It doesn’t snow here where I am, at the tail end of the West Indies. In Puerto Rico, the place where the Caribbean sea sidles up to a pounding Atlantic, my winters can barely be called winters at all.

Instead of bitter chill, I awake most mornings to zephyr-like breezes. The trade winds at play off the coast. Palms dance beneath the fat yellow sun, less relentless than in summer but still bringing sweat to my brow. …


Transforming a landfill into an oceanside oasis isn’t easy, but it’s necessary

Against the backdrop of a cloudless blue sky, the sun washes over an enormous dune and the handful of palm trees that stabilize it.
Against the backdrop of a cloudless blue sky, the sun washes over an enormous dune and the handful of palm trees that stabilize it.
Photos courtesy of the author

As you drive down Puerto Rico’s Route 466, the Spanish-style houses and roadside panaderías start to peel away. The road buckles and plunges toward a white-capped Atlantic. Seaside cliffs rise, and trees stretch gnarled limbs into a semi-canopy.

Driving farther still, you reach the remnants of a dune sea tracing the asphalt. Beyond the sandy, mangrove-dotted hills, the sound of the ocean rises as it hammers the shore. This is the Mabodamaca Community Natural Reserve in Isabela, Puerto Rico. …


It’s time for some early spring cleaning

Photo: jidaley/pixabay.com/FreeIMG

I was only four years old when my family left the U.S. Virgin Islands to pursue the mainland American dream in Florida. Since then, I’ve been back just once, for my cousin’s wedding in 1994. I’m sure it was a beautiful ceremony, but I don’t recall much about the nuptials other than something the bride’s father, my uncle, said during his reception speech. He warned the local guests — particularly the ones prominent in business, as he was — not to allow White people to disrupt the Black heritage of the island of St. Thomas and infringe upon their Black…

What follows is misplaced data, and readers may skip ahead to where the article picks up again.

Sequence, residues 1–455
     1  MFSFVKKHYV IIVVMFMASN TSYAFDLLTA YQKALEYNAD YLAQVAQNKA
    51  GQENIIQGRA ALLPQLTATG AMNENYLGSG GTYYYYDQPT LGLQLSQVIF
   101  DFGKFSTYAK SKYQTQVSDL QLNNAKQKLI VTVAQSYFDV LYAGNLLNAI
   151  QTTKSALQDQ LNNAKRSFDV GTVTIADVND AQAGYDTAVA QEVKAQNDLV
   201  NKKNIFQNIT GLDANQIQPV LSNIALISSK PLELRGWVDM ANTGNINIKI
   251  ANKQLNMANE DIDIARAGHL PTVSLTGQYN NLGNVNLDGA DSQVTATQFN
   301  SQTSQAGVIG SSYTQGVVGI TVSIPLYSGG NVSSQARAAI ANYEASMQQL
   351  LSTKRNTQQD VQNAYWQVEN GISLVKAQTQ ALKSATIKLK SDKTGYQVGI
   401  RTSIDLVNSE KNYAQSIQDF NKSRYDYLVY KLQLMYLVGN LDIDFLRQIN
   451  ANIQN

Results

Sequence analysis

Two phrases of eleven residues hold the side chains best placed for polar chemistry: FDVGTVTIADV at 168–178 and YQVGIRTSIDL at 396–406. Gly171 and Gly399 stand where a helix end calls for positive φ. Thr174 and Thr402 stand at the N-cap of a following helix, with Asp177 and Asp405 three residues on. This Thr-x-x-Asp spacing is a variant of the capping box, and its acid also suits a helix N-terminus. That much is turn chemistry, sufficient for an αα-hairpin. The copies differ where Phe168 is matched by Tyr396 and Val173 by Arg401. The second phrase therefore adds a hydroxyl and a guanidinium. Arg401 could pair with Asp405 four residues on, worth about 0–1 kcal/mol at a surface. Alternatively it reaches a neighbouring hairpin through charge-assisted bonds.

Stanley Nelson tells a story that still lives in all of us

“Crack: Cocaine, Corruption & Conspiracy.” Photo: Netflix

My family is full of storytellers.

Many of us come from families where the yarn of our existence isn’t noted down in some book somewhere. It’s messier. It slips off the tongues of those closest to us, vague in the way of memory. The stories of people we may have never met become real to us.

My aunt Cookie used to tell the story about the night her car died in Williamsburg’s industrial district; it’s one of my favorites. The walk, just a handful of blocks to her apartment on Wyckoff Avenue, became an interminable journey. The neighborhood wasn’t the…


I feel like a nappy-headed stranger in a genre I’ve loved all my life.

Morgan Wallen in the “More Than My Hometown” video. Photo: YouTube

The late singer Charley Pride, country music’s first Black superstar, once shared how the legendary Webb Pierce had welcomed him to the genre. “It’s good for you to be in our music,” Pierce had told him. Pride’s response? “It’s my music, too.”

I understand his sentiment. As a lifelong country music fan, I’ve often reacted the same way to side-eye welcomes by self-anointed gatekeepers. That’s how I felt when a shopkeeper in London in the 1990s nearly had a stroke when I brought the international version of Shania Twain’s CD Come on Over up to the counter. …